Iditarod mushers begin dog-sled trip across Alaskan tundra
The nearly 1,000-mile Iditarod Trail Sled Dog Race kicked off a day earlier when 69 mushers and their canine teams made a ceremonial jaunt through Anchorage.
The business end of the race began in Willow, a small community about 50 miles (80 km) north of Anchorage, where the teams embarked in a journey across the Alaskan tundra that the fastest will compete in a little over nine days.
The race commemorates a 1925 rescue mission that carried diphtheria serum by sled-dog relay to the coastal community of Nome, which remains the final destination in this 42nd edition of the event.
"I love the lifestyle," Seavey said. "Being able to raise four boys as mushers has made it very rewarding."
Competitors brave darkness, steep climbs and temperatures well below freezing. Distances between teams will grow along with the isolation.
There are mandated rest stops along the way.
"From a race fan's standpoint, somebody who is really dialed into the competition, I expect it to be a thriller," said Stan Hooley, the race's executive director.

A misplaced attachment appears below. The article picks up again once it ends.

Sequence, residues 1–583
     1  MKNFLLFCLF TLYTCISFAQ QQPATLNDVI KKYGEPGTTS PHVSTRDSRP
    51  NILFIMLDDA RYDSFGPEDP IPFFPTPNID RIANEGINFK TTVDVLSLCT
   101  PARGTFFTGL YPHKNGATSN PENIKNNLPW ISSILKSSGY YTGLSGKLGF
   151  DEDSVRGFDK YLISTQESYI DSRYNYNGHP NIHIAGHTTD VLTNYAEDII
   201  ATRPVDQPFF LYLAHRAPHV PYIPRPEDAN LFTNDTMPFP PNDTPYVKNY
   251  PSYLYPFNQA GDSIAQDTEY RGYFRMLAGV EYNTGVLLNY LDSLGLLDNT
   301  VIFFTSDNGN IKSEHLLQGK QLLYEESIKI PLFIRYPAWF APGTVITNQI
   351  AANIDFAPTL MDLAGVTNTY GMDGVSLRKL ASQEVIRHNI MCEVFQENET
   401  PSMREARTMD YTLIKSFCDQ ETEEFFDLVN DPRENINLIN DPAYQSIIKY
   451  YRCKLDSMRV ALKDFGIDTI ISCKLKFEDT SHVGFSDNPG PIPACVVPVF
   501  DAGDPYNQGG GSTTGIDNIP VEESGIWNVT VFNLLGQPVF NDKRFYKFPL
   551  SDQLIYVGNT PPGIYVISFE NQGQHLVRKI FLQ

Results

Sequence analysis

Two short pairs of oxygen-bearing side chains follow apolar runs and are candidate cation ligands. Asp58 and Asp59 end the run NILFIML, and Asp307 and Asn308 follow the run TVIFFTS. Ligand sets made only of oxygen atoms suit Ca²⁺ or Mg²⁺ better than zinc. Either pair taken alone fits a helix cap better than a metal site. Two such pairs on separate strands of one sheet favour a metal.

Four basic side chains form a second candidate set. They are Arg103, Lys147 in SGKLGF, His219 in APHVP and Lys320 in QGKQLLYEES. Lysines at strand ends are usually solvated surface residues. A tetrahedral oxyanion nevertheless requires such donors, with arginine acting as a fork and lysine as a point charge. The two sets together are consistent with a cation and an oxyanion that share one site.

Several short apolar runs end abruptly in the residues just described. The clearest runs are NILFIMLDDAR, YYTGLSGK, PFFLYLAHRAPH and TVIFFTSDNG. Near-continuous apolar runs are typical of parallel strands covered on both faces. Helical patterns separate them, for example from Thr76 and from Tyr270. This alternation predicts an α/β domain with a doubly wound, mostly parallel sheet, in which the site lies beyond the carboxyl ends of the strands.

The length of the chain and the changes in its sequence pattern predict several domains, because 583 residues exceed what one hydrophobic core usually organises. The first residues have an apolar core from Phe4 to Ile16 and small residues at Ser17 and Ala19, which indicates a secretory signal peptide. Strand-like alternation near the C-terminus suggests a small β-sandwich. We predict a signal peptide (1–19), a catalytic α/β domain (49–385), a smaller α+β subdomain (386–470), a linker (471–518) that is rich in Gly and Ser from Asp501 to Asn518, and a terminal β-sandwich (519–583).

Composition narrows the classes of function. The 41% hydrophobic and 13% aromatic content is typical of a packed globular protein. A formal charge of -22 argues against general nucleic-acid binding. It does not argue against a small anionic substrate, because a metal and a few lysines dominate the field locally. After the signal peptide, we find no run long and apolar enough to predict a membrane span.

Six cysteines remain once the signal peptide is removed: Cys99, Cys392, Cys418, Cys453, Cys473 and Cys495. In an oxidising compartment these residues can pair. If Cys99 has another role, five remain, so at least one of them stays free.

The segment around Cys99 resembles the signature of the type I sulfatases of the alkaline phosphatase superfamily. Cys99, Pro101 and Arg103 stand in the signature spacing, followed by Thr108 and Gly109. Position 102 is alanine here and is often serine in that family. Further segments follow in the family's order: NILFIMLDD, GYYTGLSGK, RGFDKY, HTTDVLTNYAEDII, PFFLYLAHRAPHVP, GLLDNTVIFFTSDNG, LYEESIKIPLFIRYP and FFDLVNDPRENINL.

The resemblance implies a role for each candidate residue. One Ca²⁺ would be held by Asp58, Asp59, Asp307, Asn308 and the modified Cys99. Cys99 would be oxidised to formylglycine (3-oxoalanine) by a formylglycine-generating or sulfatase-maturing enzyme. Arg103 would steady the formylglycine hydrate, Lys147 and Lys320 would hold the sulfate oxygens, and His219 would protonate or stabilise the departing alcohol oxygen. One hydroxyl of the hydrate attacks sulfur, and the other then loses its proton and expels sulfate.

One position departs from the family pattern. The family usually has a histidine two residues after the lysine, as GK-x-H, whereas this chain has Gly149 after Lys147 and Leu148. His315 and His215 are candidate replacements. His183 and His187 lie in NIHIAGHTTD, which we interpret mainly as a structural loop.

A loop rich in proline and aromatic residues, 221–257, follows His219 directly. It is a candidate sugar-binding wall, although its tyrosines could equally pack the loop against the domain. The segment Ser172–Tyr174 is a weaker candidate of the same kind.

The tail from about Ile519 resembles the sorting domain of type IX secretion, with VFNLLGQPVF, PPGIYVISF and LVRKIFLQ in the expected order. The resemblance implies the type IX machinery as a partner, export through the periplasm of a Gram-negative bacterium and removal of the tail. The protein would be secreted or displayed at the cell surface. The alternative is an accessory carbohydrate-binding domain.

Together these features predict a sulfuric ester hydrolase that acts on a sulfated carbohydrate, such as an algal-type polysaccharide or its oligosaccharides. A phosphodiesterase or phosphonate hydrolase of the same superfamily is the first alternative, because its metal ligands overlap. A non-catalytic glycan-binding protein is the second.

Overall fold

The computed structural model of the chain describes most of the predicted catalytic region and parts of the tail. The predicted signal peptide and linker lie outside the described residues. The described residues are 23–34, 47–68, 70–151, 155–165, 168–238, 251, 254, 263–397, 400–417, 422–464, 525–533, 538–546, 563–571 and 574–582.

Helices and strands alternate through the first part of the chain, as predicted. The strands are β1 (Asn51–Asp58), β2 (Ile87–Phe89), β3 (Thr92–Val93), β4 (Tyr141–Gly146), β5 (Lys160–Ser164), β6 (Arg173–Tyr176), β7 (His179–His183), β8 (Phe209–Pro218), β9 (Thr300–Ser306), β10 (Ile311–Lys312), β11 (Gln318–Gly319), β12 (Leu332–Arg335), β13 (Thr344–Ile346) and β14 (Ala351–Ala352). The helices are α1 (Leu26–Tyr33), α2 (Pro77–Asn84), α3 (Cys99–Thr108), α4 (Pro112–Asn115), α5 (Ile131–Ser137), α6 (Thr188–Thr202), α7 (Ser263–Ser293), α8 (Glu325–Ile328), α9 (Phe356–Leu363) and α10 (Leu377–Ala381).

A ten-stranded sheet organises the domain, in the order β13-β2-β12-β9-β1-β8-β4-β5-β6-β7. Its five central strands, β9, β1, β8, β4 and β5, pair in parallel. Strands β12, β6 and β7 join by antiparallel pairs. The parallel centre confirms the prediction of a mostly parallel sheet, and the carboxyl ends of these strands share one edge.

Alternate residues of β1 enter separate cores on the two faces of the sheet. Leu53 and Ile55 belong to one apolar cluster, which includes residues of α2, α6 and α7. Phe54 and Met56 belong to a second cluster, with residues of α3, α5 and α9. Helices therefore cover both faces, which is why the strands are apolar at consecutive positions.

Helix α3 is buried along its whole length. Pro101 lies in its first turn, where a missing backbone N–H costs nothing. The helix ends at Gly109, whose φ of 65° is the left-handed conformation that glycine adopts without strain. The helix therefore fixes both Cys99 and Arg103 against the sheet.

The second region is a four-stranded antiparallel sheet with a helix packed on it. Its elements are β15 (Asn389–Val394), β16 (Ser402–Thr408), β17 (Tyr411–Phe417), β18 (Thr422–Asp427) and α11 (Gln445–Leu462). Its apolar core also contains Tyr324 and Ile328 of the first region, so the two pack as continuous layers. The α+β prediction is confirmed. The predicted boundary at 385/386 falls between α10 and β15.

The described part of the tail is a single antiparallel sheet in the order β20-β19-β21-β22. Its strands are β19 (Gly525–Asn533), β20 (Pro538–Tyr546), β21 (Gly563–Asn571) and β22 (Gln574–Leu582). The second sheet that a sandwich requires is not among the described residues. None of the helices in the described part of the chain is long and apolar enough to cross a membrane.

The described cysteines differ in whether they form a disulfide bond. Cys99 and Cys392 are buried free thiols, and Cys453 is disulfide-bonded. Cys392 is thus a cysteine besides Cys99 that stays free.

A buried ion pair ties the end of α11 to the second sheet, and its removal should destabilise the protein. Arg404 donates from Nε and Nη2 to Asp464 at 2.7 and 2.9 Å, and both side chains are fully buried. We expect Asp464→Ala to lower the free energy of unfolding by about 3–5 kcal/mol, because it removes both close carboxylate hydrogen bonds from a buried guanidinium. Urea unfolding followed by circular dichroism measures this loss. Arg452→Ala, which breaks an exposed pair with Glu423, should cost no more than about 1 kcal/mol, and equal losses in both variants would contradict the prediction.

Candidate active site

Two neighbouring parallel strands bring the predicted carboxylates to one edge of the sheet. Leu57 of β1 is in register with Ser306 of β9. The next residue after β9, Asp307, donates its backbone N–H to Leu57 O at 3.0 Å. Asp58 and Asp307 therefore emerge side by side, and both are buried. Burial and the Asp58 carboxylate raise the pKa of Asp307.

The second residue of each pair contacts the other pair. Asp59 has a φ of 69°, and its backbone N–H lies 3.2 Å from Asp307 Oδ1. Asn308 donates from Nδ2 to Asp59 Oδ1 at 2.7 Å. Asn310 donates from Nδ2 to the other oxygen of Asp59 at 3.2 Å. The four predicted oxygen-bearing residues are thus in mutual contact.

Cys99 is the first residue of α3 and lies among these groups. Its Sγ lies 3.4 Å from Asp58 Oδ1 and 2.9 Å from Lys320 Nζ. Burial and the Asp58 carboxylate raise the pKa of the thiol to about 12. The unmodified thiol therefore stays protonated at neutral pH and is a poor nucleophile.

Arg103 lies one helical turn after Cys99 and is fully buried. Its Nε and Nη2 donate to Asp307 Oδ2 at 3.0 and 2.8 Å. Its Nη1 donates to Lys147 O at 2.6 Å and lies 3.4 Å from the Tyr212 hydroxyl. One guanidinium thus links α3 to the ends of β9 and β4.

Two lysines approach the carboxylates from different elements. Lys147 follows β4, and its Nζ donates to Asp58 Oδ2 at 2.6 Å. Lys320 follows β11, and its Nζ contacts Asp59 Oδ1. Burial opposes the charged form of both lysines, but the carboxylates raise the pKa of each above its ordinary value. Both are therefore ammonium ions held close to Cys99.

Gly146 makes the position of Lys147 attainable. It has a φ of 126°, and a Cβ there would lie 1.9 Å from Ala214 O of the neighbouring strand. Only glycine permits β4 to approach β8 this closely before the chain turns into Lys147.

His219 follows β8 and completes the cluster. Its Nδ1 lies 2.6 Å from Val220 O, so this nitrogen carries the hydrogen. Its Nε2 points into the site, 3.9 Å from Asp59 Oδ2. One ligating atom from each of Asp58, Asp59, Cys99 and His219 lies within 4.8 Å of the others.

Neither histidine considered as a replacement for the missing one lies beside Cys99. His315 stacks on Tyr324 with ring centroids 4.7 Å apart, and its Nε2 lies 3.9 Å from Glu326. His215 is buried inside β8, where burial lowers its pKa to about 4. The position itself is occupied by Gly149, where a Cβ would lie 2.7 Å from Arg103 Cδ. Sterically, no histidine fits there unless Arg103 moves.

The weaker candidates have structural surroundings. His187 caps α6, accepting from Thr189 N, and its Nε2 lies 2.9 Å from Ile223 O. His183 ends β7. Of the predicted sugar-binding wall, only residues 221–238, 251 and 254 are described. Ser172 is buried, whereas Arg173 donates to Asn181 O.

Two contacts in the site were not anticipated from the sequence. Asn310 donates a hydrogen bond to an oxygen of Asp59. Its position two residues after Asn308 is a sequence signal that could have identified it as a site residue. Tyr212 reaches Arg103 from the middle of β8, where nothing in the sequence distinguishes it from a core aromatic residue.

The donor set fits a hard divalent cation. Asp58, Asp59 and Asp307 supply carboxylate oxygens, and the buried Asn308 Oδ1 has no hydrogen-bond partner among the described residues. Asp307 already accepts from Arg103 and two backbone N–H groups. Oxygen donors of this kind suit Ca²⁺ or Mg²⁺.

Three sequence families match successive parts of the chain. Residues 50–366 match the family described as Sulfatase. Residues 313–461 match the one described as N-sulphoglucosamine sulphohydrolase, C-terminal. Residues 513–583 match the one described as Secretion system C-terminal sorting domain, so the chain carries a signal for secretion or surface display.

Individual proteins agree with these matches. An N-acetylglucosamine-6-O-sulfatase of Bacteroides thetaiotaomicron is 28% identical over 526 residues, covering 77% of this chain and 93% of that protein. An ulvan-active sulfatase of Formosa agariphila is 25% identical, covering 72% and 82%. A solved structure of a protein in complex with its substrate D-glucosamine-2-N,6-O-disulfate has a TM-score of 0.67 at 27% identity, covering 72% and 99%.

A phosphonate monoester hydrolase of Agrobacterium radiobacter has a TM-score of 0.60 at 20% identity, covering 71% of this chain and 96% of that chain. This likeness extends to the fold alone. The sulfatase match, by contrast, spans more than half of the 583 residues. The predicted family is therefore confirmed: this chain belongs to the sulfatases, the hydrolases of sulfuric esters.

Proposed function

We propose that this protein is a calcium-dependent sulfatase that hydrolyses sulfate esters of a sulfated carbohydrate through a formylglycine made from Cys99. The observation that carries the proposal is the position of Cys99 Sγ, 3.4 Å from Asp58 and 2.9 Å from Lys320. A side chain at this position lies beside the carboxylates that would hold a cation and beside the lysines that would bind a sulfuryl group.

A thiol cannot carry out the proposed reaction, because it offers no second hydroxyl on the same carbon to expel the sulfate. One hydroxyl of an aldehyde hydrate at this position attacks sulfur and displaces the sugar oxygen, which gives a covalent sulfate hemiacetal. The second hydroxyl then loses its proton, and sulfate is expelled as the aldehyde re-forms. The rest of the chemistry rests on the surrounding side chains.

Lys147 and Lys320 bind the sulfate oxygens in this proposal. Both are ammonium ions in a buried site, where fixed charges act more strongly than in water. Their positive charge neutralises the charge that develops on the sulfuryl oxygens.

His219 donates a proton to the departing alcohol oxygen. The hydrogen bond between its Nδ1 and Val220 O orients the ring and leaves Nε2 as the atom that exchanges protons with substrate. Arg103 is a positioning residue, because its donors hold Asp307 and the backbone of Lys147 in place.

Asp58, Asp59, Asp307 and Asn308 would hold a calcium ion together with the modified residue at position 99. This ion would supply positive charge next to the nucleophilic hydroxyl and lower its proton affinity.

The winner usually crosses the finish line to a hero's welcome in slightly over nine days. Officials hold out until the last team crosses, which could be another week after the winner arrives in Nome.
This year, the winner will receive $50,400 and a new truck, while other top finishers will take home cash prizes from the race purse, which exceeds $650,000.
Six mushers in this year's competition have won an Iditarod and a quarter of the participants are rookies.
Norwegian musher Robert Sorlie, 56, is also one of the pre-race favorites, having competed in four Iditarods and won twice.
Sorlie returns to Alaska after being away from the race since 2007.